PIMS sequencing extension: a laboratory information management system for DNA sequencing facilities
BMC Research Notes volume 4, Article number: 48 (2011)
Facilities that provide a service for DNA sequencing typically support large numbers of users and experiment types. The cost of services is often reduced by the use of liquid handling robots but the efficiency of such facilities is hampered because the software for such robots does not usually integrate well with the systems that run the sequencing machines. Accordingly, there is a need for software systems capable of integrating different robotic systems and managing sample information for DNA sequencing services. In this paper, we describe an extension to the Protein Information Management System (PIMS) that is designed for DNA sequencing facilities. The new version of PIMS has a user-friendly web interface and integrates all aspects of the sequencing process, including sample submission, handling and tracking, together with capture and management of the data.
The PIMS sequencing extension has been in production since July 2009 at the University of Leeds DNA Sequencing Facility. It has completely replaced manual data handling and simplified the tasks of data management and user communication. Samples from 45 groups have been processed with an average throughput of 10000 samples per month. The current version of the PIMS sequencing extension works with Applied Biosystems 3130XL 96-well plate sequencer and MWG 4204 or Aviso Theonyx liquid handling robots, but is readily adaptable for use with other combinations of robots.
PIMS has been extended to provide a user-friendly and integrated data management solution for DNA sequencing facilities that is accessed through a normal web browser and allows simultaneous access by multiple users as well as facility managers. The system integrates sequencing and liquid handling robots, manages the data flow, and provides remote access to the sequencing results. The software is freely available, for academic users, from http://www.pims-lims.org/.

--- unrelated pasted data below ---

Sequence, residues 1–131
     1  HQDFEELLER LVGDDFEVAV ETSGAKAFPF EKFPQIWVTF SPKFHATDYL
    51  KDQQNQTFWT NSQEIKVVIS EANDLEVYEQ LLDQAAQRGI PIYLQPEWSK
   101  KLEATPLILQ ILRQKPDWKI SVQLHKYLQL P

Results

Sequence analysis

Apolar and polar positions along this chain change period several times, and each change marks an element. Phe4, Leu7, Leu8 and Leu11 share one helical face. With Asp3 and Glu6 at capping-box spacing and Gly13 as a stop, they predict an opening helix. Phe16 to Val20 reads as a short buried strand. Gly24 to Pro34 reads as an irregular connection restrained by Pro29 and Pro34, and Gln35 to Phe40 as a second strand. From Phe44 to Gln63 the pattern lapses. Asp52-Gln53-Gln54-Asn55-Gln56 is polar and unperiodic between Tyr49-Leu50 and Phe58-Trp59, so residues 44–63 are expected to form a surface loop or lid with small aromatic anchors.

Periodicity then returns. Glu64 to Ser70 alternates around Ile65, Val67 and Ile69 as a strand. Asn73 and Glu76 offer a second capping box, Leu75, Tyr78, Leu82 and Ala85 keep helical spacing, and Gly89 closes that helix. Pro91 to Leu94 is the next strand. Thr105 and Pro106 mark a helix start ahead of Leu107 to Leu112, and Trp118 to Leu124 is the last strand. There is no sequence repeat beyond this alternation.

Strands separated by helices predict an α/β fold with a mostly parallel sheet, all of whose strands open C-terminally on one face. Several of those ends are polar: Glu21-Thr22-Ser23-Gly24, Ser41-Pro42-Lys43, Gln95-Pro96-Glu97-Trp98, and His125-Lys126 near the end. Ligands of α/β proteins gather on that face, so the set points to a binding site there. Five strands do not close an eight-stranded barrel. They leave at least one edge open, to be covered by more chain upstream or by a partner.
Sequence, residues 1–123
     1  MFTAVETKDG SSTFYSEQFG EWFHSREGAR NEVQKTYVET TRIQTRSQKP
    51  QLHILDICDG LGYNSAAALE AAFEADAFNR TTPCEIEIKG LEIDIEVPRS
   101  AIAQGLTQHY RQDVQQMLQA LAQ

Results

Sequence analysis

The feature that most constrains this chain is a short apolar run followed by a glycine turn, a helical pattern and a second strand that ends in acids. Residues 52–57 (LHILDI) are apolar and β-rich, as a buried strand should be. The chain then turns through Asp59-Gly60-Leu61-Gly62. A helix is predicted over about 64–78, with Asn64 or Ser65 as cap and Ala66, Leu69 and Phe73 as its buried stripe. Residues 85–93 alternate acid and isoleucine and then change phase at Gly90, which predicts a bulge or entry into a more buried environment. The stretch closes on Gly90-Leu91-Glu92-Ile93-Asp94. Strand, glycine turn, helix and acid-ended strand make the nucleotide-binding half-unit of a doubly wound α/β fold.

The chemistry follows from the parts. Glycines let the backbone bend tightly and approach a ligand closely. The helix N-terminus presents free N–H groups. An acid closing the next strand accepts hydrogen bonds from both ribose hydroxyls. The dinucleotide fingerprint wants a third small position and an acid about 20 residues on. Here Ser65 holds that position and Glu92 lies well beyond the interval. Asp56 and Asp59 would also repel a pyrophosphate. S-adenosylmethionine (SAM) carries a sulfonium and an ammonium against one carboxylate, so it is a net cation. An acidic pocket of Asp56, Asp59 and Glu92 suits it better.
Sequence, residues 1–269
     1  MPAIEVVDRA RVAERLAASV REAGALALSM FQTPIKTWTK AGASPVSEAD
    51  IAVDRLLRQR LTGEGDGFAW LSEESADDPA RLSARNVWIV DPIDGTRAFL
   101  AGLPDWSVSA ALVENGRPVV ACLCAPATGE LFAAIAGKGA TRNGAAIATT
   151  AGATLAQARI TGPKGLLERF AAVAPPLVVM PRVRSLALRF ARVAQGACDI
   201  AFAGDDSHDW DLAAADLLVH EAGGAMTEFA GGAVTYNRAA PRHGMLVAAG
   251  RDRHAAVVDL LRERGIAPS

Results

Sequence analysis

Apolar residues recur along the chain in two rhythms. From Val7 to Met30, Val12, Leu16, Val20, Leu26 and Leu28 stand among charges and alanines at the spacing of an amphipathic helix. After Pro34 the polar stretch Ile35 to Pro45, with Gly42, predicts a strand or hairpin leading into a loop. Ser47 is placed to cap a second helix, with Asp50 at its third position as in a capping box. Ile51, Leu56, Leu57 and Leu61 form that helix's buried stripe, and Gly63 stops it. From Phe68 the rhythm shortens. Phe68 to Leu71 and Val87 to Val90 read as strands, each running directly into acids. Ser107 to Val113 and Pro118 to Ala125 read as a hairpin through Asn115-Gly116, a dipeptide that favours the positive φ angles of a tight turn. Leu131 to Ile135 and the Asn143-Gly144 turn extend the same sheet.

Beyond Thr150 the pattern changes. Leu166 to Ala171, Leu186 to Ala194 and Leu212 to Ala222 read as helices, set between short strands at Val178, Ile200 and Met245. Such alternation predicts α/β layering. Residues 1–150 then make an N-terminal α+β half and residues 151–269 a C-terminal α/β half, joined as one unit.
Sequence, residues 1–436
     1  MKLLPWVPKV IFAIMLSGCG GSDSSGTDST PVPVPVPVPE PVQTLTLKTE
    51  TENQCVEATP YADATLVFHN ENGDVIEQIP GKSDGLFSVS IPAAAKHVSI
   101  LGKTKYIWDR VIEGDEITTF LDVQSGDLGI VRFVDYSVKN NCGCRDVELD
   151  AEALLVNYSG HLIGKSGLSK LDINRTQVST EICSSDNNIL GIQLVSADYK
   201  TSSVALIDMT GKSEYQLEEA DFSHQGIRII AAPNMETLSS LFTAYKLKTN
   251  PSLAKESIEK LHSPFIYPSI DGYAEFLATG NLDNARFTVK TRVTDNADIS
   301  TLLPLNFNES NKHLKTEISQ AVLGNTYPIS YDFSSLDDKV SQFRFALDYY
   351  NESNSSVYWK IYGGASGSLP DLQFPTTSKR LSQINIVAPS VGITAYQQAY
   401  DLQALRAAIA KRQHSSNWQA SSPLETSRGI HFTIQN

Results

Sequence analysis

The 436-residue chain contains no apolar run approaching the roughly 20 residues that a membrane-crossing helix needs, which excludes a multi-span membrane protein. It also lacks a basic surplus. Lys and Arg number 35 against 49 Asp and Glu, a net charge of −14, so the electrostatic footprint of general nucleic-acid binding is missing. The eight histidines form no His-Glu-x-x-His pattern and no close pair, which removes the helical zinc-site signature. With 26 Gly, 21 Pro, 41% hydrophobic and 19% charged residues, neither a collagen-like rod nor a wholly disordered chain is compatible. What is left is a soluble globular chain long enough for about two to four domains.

Routine, small scale sequencing projects are often supported by shared facilities that support Sanger sequencing technology. Normally, users submit their samples to the facility and get their results back via a local file server or DVD. A number of different computer systems have been developed to help sequencing facilities with the management and control of their workflows. These include Kaleidaseq , VSQual  or MAGIC-SPP . Post-processing programs are also available for high throughput data, generated by "Next Generation" (NGS) sequencing techniques. Software includes preAssemble , Garsa , or Gene Projects  and can assist from assembly to annotation. There are also a number of tools for work with ESTs [7–9]. All have in common the quality trimming step, vector masking and the assembly of the EST data, but differ in implementation, data presentation, accessibility and storage. Although effective, many of the tools available are not designed for simultaneous use by multiple users [2, 3]. At the same time, there are few systems to help with initial data collection from the users. Typically, spreadsheets are used to communicate information to and from a facility, but they are completed manually and therefore severely limit the throughput of a facility. To be cost efficient, sequencing facilities normally need to deal with DNA samples prepared by a variety of different protocols and are required to conduct a diversity of sequencing operations. Accordingly, automation has become a cornerstone in the successful delivery of results at reasonable cost. The widespread use of liquid handling robots in the sequencing laboratories has made the automation of sample preparation for the sequencing machines possible. However, to realise the benefits of such robotic combination fully, there is a need for data management system that organises the sample information together with the preparation of the data for use by the robots.